Talib wrote:Am I close? One thing that confuses me is that I can't be sure when <e, o> are pronounced open (é, ó) or closed (ê, ô) when the accents aren't used.
I don't have much of a clue about how people from São Paulo or Minas would pronounce it (and I think there's significant variation inside those states), but yeah, you seem to be close enough. Here are a few observations: when a final -s is followed by a vowel, it turns into a z, so it should be [ˈt̪od̪ʊzʊs]
, and so on. 'Seres' and 'espírito' have closed ee. The u is not nasalized in 'humano'. And I think 'com' sounds more natural as [kũ
], but paulistas and mineiros might disagree, I'm not sure how they pronounce it.
About the open and closed vowels, I'm afraid there's no general rule, you just have to memorize them. There are some special rules, though, such as in nouns derived from verbs the verb is open and the noun is closed. For instance: 'o arremesso' (both ee are closed) and 'eu arremesso' (the second e is open), 'o porto' (both oo are closed) and 'eu porto' (the first o is open). In former orthography there were plenty of accents marking the open/closedness of the vowels, but not anymore (maybe you can look up some books with orthography from the 40s-70s). And, as Partisan said, there are two major dialectal groups in Brazil, one to the Center-South that tends to close the vowels and one to the Northeast which tends to open them. Anyway, messing them up is not a big deal most of the times, since many of them are dialect-dependent, so there's no need to worry about it.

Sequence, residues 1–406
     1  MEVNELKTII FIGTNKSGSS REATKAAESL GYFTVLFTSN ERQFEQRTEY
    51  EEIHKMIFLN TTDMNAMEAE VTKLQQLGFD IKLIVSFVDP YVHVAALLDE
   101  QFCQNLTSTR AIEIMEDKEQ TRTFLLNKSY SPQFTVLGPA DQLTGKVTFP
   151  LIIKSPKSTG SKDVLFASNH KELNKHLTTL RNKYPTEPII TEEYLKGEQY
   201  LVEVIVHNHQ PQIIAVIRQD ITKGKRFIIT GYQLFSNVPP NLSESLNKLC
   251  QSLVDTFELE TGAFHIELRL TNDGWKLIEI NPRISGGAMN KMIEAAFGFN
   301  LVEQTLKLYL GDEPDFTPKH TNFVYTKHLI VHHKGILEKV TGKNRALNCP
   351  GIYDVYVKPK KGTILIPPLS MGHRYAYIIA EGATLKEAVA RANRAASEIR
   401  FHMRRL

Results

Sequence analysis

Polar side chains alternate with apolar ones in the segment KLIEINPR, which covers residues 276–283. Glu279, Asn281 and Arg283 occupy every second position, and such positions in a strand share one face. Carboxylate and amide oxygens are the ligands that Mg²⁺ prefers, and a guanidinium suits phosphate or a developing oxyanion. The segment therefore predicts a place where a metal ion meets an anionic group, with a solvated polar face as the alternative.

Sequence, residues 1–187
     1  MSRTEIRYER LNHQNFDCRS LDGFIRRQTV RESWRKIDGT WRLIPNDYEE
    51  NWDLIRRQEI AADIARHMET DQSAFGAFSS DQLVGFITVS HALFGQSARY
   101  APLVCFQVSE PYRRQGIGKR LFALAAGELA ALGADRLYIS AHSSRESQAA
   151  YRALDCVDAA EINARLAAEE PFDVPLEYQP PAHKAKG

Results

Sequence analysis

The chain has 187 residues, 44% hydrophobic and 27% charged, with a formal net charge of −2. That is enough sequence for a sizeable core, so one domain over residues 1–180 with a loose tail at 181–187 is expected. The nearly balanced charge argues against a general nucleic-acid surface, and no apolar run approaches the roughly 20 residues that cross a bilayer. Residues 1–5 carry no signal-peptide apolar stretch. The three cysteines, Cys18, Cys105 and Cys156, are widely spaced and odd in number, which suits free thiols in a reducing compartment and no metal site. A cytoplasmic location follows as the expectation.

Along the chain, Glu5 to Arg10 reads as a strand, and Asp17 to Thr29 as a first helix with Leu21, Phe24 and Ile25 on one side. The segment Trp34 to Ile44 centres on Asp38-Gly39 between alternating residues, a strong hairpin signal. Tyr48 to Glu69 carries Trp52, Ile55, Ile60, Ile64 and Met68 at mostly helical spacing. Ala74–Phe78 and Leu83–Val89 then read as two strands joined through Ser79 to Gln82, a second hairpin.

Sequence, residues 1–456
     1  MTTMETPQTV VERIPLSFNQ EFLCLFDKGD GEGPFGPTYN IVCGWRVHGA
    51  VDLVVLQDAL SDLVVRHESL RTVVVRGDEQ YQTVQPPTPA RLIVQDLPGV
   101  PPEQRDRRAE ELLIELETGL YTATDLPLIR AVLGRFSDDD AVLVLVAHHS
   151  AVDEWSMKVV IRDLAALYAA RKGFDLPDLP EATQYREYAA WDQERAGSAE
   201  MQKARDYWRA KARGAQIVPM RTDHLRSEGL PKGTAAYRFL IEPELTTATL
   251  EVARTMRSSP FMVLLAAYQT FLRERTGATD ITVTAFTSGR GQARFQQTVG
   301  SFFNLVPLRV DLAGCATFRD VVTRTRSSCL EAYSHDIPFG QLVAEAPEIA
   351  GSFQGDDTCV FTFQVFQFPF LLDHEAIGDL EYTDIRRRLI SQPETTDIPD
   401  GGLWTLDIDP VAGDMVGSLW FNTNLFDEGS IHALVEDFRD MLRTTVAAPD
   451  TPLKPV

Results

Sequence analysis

Partisan wrote:But it's happen in all syllabes except the last. In case of last syllabe, "e" and "o" (both when weak syllabes) sound like "i" and "u".
Actually, this also depends on dialect. In some places in the South, and I think also in places in the São Paulo interior and perhaps elsewhere in the Center-South, those final e
are in general not reduced to i
O rei mandou me chamá / Pra casar com sua filha / Só de dote ele me dará / Oropa, França, Bahia / Me alembrei do meu ranchinho / Da roça, do meu feijão / Ai!, seu rei, não quero, não!